5 root causes of disengagement

Originally posted on

The one-size-fits-all communications approach is ending, but employee engagement is still an issue for many employers. Alison Davis, of employee communication firm Davis & Company, identified five root causes of deteriorating engagement, which she shared with attendees at this year’s Benefits Forum & Expo.

The shredded employment contract

Since the recession, employees are losing confidence in the security of their jobs. Workers feel there has been a shift and that employers are holding more of the cards. According to Gallup, the number of actively disengaged workers increased to 24% in organizations that have recently laid off employees. Additionally, Towers Watson notes that 72% of companies have reduced their workforce in response to the recession.

Lack of trust in leaders

According to Towers Watson, fewer than two in five employees have confidence in senior leaders. People are skeptical and often have a wait-and-see attitude to what leaders have to say. Employees are saying “let’s wait and see what really happens,” Davis says.

Demographic attitudes

Another, and probably the biggest, challenge revolves around the different attitudes of the three primary generations in today’s workforce, says Davis. Baby boomers are burnt out and display a negative attitude in their exchanges with co-workers; Gen Xers are balancing work and home life responsibilities; Millennials have an “all about me” attitude and are somewhat impatient about moving up (or across) the corporate ladder. The average length of tenure out one job for a millennial is 2.6 years, and by the age of 27 they will have already worked four different jobs.

Mad men management

Employers are trapped in a 1950s mindset. This can be seen in the organizational charts that show a top-down hierarchy. The decision-making is done at the top, and general access to information is scarce, even as corporate leaders talk about transparency.

The way work gets done

We’re in a 24/7/365 mindset where an employee is always on the job. Employees never feel quite done or that they can ever shut it down, which affects their work-life balance and causes them to feel disengaged.

7 tips to prepare your workforce for flu season

Since seasonal flu activity can begin as early as October, the time to prepare is now. While the vaccine is one of the most efficient ways you can protect your employees, there are other actions you can take to brace your workplace for the upcoming flu season. Alan Kohll, founder and CEO of wellness vendor, TotalWellness, offers these tips:

1. Educate employees

Educate employees about flu symptoms and how the influenza virus is spread.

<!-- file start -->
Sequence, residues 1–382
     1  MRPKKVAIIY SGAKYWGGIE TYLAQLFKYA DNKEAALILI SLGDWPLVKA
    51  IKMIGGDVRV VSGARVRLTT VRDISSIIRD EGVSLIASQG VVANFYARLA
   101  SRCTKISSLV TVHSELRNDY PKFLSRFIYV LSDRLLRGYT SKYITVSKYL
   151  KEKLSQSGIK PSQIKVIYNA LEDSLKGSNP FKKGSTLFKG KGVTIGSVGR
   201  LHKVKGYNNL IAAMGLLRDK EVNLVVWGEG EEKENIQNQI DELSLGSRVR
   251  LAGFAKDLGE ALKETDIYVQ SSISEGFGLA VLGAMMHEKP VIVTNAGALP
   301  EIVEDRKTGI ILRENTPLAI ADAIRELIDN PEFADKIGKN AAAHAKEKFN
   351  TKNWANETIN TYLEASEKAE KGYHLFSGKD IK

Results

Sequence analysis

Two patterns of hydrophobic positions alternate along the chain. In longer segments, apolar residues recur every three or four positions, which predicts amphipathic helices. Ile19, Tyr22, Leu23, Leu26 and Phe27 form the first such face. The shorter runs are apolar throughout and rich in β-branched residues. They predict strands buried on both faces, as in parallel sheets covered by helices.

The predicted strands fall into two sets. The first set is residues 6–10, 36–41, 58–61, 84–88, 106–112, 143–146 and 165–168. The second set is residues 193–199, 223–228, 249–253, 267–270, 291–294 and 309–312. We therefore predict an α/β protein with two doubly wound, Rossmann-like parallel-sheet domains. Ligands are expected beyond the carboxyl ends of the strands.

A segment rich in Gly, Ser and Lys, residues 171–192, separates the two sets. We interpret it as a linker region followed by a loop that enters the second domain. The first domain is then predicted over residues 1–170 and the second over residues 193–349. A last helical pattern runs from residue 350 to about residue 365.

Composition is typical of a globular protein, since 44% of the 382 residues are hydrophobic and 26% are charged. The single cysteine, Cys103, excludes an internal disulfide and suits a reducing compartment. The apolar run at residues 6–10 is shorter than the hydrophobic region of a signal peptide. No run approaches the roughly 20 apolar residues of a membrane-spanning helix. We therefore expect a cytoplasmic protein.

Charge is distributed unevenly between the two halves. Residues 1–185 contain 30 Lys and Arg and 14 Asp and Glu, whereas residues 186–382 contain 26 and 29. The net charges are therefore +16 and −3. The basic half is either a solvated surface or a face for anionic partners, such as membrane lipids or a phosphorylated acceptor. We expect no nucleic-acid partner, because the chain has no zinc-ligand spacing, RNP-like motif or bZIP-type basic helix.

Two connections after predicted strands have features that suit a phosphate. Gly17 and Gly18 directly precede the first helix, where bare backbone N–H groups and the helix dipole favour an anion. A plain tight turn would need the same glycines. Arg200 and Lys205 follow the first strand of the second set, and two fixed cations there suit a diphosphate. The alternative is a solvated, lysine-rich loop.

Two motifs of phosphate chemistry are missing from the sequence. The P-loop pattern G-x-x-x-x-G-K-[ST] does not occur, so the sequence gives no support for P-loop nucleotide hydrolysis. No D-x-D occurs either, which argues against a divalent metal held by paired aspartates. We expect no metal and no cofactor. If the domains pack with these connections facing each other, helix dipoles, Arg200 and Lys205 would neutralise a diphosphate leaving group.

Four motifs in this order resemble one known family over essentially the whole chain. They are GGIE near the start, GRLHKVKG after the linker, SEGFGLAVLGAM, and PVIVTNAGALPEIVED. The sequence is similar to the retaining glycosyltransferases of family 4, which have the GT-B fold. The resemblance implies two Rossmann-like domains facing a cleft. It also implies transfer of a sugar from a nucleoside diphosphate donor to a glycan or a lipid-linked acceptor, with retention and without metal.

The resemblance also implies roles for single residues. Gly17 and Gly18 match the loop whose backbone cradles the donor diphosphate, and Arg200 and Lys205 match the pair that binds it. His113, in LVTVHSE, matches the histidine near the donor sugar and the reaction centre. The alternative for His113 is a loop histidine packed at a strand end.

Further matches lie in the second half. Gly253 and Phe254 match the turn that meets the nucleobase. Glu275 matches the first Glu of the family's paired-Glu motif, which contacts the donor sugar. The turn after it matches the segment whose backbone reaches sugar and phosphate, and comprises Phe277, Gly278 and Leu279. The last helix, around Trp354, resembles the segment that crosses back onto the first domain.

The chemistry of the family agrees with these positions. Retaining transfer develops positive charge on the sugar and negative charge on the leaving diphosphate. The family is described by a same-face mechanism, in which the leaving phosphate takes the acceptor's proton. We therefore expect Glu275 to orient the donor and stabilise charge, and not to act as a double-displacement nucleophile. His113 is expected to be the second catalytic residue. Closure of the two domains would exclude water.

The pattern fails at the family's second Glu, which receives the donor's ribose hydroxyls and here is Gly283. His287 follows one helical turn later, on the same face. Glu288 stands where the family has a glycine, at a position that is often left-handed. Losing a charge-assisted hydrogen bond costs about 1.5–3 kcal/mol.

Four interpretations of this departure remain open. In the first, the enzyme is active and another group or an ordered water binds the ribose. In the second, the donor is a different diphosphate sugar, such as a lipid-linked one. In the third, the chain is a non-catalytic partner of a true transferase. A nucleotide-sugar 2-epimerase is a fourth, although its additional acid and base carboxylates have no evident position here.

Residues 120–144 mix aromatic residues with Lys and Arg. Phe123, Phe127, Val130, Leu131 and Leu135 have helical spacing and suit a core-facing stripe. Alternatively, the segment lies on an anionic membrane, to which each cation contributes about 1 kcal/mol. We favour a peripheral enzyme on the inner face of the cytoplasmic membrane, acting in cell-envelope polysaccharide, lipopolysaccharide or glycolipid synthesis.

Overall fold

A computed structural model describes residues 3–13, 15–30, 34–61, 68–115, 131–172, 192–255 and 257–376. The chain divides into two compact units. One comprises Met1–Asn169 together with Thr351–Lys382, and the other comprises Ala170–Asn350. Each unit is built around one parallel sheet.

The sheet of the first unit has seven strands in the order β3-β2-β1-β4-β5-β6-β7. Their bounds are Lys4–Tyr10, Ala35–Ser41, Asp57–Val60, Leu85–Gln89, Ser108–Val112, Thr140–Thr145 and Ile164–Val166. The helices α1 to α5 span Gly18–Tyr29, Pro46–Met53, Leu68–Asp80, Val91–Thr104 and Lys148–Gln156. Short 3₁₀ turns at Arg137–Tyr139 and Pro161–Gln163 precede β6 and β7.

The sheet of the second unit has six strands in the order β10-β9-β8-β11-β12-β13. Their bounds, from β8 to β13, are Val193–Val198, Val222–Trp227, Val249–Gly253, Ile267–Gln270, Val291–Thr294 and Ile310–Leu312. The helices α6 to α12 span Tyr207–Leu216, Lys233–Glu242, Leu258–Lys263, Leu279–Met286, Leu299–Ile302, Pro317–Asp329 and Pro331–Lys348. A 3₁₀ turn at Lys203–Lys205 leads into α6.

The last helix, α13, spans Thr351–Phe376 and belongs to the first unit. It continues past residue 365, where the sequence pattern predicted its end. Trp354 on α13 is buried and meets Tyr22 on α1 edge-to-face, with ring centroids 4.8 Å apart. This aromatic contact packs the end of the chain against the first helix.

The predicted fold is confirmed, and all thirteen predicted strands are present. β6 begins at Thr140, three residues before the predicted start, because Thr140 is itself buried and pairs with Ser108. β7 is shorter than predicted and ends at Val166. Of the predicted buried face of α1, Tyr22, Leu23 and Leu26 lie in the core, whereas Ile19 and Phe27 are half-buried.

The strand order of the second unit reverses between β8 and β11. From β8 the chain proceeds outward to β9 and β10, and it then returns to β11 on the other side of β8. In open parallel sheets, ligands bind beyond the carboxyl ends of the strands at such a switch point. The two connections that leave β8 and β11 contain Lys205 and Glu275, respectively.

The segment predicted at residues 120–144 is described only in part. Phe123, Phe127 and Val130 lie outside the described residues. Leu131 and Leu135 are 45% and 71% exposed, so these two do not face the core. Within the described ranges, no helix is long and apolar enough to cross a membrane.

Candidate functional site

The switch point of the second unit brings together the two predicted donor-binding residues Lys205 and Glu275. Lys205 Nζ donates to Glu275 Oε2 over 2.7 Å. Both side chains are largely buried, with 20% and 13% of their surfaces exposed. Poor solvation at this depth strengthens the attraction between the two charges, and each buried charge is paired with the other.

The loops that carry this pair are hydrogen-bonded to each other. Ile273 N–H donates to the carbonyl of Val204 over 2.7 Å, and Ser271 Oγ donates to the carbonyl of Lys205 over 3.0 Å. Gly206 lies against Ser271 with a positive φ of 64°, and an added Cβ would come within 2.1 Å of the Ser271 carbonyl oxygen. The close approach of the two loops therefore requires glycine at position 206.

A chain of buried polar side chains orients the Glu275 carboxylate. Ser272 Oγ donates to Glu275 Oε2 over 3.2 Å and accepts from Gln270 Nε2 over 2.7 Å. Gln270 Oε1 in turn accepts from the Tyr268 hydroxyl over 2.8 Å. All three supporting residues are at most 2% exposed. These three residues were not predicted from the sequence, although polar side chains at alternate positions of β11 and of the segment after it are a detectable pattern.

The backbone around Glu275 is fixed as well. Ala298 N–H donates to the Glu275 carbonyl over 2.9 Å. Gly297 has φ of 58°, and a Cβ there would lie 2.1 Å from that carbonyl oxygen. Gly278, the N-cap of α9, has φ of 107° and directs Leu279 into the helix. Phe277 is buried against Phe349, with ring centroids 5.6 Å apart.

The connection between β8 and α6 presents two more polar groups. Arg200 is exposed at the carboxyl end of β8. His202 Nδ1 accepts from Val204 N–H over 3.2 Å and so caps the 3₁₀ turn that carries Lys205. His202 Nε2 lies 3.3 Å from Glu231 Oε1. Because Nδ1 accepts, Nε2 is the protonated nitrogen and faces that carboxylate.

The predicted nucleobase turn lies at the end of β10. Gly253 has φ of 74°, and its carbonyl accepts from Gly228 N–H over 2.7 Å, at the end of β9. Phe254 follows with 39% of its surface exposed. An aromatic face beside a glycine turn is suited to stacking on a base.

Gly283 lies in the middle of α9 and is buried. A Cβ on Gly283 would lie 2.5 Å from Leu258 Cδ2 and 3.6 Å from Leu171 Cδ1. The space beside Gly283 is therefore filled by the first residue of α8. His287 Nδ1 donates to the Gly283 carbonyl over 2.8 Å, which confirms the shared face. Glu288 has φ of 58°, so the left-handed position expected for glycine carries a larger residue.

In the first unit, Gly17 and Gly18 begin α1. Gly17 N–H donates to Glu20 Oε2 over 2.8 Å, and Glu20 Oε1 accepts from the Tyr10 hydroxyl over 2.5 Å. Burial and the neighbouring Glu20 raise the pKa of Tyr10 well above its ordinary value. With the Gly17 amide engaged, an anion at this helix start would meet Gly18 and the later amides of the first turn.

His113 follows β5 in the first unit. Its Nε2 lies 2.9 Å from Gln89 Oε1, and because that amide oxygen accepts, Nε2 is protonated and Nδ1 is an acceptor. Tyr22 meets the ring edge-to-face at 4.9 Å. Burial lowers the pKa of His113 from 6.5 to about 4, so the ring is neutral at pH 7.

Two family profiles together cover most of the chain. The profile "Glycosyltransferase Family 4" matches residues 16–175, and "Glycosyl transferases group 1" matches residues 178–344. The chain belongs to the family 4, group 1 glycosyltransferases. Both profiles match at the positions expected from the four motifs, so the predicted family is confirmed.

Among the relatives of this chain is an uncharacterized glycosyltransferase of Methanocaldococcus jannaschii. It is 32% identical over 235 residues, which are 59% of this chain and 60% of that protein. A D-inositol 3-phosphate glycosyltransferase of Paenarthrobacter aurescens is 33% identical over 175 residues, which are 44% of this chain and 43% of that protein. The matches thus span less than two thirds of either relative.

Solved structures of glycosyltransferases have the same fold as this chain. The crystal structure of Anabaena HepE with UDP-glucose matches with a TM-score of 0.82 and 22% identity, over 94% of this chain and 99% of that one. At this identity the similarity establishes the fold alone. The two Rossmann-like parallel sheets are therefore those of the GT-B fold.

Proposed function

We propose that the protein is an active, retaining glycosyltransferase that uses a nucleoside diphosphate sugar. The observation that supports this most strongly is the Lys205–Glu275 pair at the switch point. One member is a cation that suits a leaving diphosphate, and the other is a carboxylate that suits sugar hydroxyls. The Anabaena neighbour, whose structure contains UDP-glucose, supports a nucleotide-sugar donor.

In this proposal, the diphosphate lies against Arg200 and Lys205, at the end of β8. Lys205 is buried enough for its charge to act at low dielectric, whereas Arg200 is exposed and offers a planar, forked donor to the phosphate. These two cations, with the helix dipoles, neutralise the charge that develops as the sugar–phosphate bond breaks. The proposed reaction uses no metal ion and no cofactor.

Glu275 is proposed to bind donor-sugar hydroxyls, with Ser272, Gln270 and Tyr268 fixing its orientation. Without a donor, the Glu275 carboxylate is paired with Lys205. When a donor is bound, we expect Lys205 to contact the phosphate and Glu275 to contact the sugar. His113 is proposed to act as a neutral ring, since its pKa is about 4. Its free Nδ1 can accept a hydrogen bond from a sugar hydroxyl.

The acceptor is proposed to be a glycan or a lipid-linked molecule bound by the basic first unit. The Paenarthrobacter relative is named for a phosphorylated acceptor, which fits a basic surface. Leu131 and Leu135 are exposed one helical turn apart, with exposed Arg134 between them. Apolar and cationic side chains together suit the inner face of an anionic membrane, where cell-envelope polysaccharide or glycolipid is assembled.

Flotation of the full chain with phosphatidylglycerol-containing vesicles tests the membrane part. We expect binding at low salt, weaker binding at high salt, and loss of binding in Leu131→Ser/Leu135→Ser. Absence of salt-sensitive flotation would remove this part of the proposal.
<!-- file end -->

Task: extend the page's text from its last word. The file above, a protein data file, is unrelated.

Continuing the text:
2. Step up hygiene

Step up your office’s hygiene practices. According to a 2012 study, the dirtiest places in the office include break room sink faucet handles, microwave door handles, keyboards and refrigerator door handles.

3. Review policies

Review your policies for PTO/sick leave and telecommuting.

4. Create a communications plan

Create a communications plan for flu season, from the signs and symptoms to flu shot myths, sick time policies, wellness reminders and flu shot clinic dates and times.

5. Develop a contingency plan

Have a contingency plan in place to help maintain normal business operations in the event that key employees are out sick or other disruptions occur.

6. Communicate health plan details

Ensure that employees are aware of health insurance plan details and that they know who to call with questions.

7. Host an on-site clinic

Host an on-site flu shot clinic or participate in a voucher program so that staff can easily get vaccinated at a local pharmacy.


Enforcing employer policies outside the workplace

Originally posted August 7, 2014 by Tracy Moon and John Stapleton on

All employers adopt and enforce policies regulating conduct at the workplace. Many employers expect that employees will follow their employment polices at all times regardless of whether the employee is working or at work. Many employers expect that employees will follow their employment polices at all times regardless of whether the employee is working or at work.

Today, in the age of social media and smartphones, employers and employees have much greater visibility when they leave work – giving employers the ability (and desire) to monitor their workers after hours, and resulting in greater exposure and potential for harm to an employer’s reputation. But can you monitor or discipline employees for policy violations that occur when an employee is off-duty and off-premises?

First, regardingillegal off-duty conduct, employers are generally entitled to take action after learning of an employee’s conviction, although they may have to demonstrate that the decision or policy is job-related and consistent with business necessity. For instance, an employer would have a valid interest in an employee-driver’s recent conviction for drunk driving. In fact, failing to take remedial action could lead to a claim for negligent hiring or retention against the employer down the road.